With a Study Chair to the Pater



1886


(notes by Philip Holberton drawing on the research of
Andrew Rutherford and Thomas Pinney)


the poem
[April 24th 2020]

Source

There is a version of this poem in Kipling’s own handwriting in the Kipling Papers in the Special Collections at the University of Sussex. It is undated, but seems to be a companion piece to "With a Fan to the Mother", suggesting Christmas 1886. It was not published by Kipling, but is to be found in Rutherford (p. 351) and Pinney (p. 1838).

The Poem

The poem, in the language of Shakespeare's day, or perhaps rather earlier, ponders on the origin of "Fancie", and concludes that it comes most often when sitting down, hence the Christmas gift of a chair to his father, to whom he was devoted. See also "Of Birthdays". and "The Letter of Halim the Potter".

The first two lines are from a song in Shakespeare's The Merchant of Venice Act III. scene 2:
Tell me where is fancy bred,
Or in the heart or in the head?
How begot, how nourished?
Reply, reply.
It is engender’d in the eyes,
With gazing fed; and fancy dies
In the cradle, where it lies.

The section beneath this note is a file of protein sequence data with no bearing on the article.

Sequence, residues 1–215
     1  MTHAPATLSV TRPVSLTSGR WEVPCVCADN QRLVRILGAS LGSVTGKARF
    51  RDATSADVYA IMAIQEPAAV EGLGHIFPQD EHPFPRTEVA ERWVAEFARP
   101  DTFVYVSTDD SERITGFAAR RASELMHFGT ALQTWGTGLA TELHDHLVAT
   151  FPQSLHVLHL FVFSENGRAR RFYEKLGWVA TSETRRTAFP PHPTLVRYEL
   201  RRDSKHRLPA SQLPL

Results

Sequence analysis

Let us all ring fancy’s knell;
I’ll begin it—Ding, dong, bell.

Ding, dong, bell.
Beeswax is used as furniture polish to beautify a chair and make it comfortable. There is another version of the second part of the first verse in a letter from Trix to J. H. Brooking (December 10, 1941):
Beeswax in ye study chair
Breedeth fancies rich and rare
But good sons would perish rather
Than spread beeswax for their Father.
Therefore I, your son, prepare
Not ye beeswax, but ye chair.
John Walker has pointed out that in The Light that Failed (Chaper VIII) there is a mention of cobbler's wax on a chair, but whether it is a practical joke against the sitter, or a metaphor for helping in creative imagination is not clear.

Baito means "Sit down" in Hindi.


[P.H.]

©Philip Holberton 2020 All rights reserved